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Re: theos-l digest: November 27, 1998

Dec 06, 1998 04:35 PM
by Dr. A.M.Bain writes
>In a message dated 11/28/98 12:01:18 AM Eastern Standard Time, theos-
> writes:
><< I did not invent the definition of Karma, nor did Mme. Blavatsky.
> It is, she says (and so do the Hindu Pundits) the undeviating law
> that balances all causes with their effects.  No exceptions. >>
>Could someone explain why innocents have to suffer from the bad karma set in
>motion by others?  I never cease to be hurt by this, and it is an issue that I
>struggle with emotionally and spiritually.  It makes logical sense, if I look
>at it "scientifically," but it bothers me because it's so unfair!  Is life
>just not fair?  How can we live with that reality?  Not just survive, but

Dear Christine,

HPB and the Hindu Pundits may say this, and in its own way, so does
Newtonian physics. (Apple falls on head, head hurts, apple bruised,
apple maybe gets eaten for obeying natural law and demonstrating
gravity).  The most evil explanation of "Karma" is where it is claimed
that the innocents who suffer do so because of "bad karma" for acts
performed in previous lives.  (There is a Jewish prayer used by Jewish
males which thanks God for not making them women.  The women
don't get a similar prayer).  It seems that life is *not* fair, for even if the
whole karma bit is true, what other law determines that people set evil
acts in motion in the first place?  Closer to home, some kids get bullied
to death, in that they kill themselves.  The bullies get a kick out of seeing
some poor soul suffer as a result of their desire for the pleasure that
power over another person brings them.  Don't "debate" this
intellectually anyone - those of us who've seen it *know* that's how it
is, even more so if we too have been bullied.

>Example:  why innocent Jews were shot in the back of the head and pushed into
>grave pits or gassed to death during WWII, including children.  Why this has
>happened to Bosnians more recently, or Rwandans, or the Chinese at Nanking,
>slavery in the Americas.  Such a massive attack of evil and degradation, over
>and over.  Unimaginable acts - and I wonder, what drove them to commit these
>acts?  Could I also be so driven, given the same experiences or forces at work
>in those cases?  It seems beyond fear - it seems like a wallowing in evil.  I
>just want to smack people who answer that "God never permits evil unless it's
>for a greater good."  The God I believe in would not calculate in this way.

We are asking the same question here - what causes inhumanity among
humans, especially the kind you describe.  No doubt some clever
theosophist will try to tell you that your wanting to smack people who
answer as above is the "first step" on the road to degradation.  I would
say it's the first step n the road to seeking justice.  As for God, well, as I
see it, "God" neither permits nor denies, but people do.
>But at the same time, I find this a crisis of my own faith in a way - how can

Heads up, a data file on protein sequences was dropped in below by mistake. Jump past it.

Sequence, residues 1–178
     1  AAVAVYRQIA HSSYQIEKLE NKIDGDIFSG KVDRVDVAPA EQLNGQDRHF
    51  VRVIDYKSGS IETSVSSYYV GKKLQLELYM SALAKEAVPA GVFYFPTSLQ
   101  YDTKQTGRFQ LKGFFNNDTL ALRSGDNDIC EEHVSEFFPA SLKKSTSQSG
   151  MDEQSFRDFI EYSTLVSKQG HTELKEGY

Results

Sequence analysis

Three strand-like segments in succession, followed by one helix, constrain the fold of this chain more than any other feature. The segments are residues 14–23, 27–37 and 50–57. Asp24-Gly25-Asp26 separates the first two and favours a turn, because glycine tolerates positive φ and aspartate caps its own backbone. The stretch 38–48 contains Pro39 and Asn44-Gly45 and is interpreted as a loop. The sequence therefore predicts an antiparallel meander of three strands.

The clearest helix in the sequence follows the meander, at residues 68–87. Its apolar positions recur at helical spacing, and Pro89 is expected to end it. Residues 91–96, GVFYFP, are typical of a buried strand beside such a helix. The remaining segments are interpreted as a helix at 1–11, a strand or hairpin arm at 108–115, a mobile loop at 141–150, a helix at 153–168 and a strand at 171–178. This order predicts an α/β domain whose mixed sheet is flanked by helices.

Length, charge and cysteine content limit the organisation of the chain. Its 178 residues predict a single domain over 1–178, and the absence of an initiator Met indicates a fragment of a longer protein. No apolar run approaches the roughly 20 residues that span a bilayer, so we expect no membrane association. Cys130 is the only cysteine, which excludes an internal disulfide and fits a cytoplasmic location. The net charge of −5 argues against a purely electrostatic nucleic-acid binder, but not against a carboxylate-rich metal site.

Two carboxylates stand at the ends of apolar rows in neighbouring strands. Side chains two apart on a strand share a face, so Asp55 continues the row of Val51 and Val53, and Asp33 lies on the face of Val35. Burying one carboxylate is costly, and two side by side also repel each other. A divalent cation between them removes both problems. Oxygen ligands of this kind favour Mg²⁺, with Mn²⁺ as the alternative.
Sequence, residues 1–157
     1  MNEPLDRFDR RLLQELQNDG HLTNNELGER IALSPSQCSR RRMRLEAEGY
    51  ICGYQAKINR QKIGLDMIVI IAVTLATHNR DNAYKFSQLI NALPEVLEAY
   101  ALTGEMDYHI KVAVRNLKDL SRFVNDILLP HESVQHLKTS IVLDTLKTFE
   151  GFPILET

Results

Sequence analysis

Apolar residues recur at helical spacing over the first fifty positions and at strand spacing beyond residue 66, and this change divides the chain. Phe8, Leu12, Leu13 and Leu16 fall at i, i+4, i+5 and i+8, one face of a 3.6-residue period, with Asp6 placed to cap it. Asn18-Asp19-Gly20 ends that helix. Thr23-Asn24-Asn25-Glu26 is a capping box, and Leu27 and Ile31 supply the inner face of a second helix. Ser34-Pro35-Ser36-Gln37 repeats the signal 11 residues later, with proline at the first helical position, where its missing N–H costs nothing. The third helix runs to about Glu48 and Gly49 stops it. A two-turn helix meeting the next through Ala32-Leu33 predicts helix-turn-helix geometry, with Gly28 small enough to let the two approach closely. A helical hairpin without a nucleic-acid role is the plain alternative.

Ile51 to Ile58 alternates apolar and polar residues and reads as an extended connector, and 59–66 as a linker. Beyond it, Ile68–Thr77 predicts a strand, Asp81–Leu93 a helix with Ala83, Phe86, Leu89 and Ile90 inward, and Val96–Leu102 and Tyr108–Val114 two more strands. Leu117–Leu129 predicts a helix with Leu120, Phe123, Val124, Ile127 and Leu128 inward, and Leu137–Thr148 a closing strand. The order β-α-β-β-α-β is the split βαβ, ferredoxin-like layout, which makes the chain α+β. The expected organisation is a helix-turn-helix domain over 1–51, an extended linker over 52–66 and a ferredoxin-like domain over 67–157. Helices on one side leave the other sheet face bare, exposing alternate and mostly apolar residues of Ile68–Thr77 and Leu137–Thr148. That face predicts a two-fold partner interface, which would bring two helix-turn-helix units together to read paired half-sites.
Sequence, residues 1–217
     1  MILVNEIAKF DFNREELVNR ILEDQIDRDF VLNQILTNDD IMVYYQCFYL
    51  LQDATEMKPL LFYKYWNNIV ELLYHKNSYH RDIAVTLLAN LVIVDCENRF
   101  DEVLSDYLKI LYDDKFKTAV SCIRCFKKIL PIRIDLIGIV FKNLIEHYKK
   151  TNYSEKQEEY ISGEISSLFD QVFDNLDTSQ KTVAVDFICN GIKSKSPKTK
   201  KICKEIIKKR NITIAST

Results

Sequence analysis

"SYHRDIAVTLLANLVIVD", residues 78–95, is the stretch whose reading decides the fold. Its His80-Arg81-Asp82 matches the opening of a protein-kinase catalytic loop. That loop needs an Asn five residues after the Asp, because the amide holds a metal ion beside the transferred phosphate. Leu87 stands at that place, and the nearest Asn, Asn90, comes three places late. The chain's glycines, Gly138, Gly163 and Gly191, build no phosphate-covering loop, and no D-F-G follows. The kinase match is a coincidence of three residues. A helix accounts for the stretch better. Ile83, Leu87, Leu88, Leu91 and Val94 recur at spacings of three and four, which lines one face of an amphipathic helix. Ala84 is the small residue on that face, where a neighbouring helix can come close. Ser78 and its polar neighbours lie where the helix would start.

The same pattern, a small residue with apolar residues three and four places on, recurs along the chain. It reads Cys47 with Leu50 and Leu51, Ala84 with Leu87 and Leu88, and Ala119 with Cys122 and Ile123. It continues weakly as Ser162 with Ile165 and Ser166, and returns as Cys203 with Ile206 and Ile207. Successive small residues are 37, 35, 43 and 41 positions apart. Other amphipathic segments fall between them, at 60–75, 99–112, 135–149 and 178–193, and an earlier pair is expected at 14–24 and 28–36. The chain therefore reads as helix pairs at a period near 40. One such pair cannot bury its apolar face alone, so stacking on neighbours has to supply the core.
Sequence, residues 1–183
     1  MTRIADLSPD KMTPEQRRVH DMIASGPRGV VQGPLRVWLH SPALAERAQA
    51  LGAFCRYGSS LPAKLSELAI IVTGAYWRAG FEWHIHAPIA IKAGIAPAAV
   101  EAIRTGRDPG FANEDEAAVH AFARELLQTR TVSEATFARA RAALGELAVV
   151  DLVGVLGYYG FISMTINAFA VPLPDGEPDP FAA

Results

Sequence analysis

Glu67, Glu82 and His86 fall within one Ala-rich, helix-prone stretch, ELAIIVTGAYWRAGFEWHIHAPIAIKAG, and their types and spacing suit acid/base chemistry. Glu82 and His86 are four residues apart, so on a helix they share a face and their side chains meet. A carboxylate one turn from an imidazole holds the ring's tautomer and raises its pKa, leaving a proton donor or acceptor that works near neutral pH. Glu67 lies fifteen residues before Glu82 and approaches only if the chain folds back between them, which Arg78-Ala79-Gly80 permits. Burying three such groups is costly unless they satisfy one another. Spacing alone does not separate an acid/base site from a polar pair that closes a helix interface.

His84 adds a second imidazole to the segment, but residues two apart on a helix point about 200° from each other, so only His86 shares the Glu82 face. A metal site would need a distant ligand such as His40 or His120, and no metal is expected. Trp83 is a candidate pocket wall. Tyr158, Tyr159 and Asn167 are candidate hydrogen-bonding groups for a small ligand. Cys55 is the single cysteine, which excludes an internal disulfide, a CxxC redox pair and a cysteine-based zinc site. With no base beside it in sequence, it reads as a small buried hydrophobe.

>an essentially good Universe permit such things?  Where is the good and where
>is God for the victims?  When people thank God or the Universe for their
>blessings - why weren't these other innocents so blessed also?   How can I be
>thankful for blessings knowing that they are not bestowed on other souls at
>least as deserving as I, if not more so?

Jews entering the gas chambers usually knew what was going on, at
least later in the war they did - word gets around.  Millions of them
went in chanting the *Shema* - "Hear O Israel, the Lord (y)our God is
One."  That was (and is) *their* faith at work, faith (trust) in (divine)
Unity.  [The Hebrew word we translate as "One" in this prayer is
*Achad," which means "One" in the sense of Unity].  Such blessings as
we have in *this* world are there for *all* people, but not all people
get them, because other people don't want them to have any - the
pursuit of health, wealth and happiness at others' expense.  So don't
thank God for blessings, curse *people* for their lack.  What to do
with the $20 million?  Feed the hungry, house the homeless, heal the
sick, etc., etc., etc.
>And then I see a sunset over the ocean, or note a heroic or loving act, and I
>feel at those times deep down that the Universe is good at the core.  I feel
>encouraged and inspired.

So do I, and living by the ocean, I get to see plenty of sunsets.  Heroic
and loving acts inspire me, too, but the goodness I see only in the
hero(ine) or loving person.
For me (as with the putative Mahatmas in their letter ten, Barker
edition) there is no place for a "personal" God, and even more so if this
"God" is addressed as "He."
>Y'know, when I think about this late at night, it's probably my greatest
>spiritual thorn - and this is the first time I have put it in writing, now
>that I think about it.  I've been so afraid even to acknowledge such a large
>issue that threatens to bowl me over, along with the rest of humankind.  I
>could believe so many wonderful things if I could solve this in my mind
>somehow.  Or is it unsolvable? is that the perennial question of humankind -
>why does evil exist??  How can people be so heartless and cruel toward their
>fellow human beings??

Horrid, isn't it?  People can be like this because this is how so many
people *are.*  This is the evidence, and no amount of praying or
wishing makes it otherwise.  On the plus side, it seems that while evil is,
like beauty, something in the eye of the beholder (up to a point), the
very fact that some people worry about it shows that some people
*care* - and caring is the beginning of wisdom.  Maybe "God" says to
us, "It bothers you, huh?  Then *do* something about it.

Start with the $20 million, perhaps .....

Simply Occult ..........


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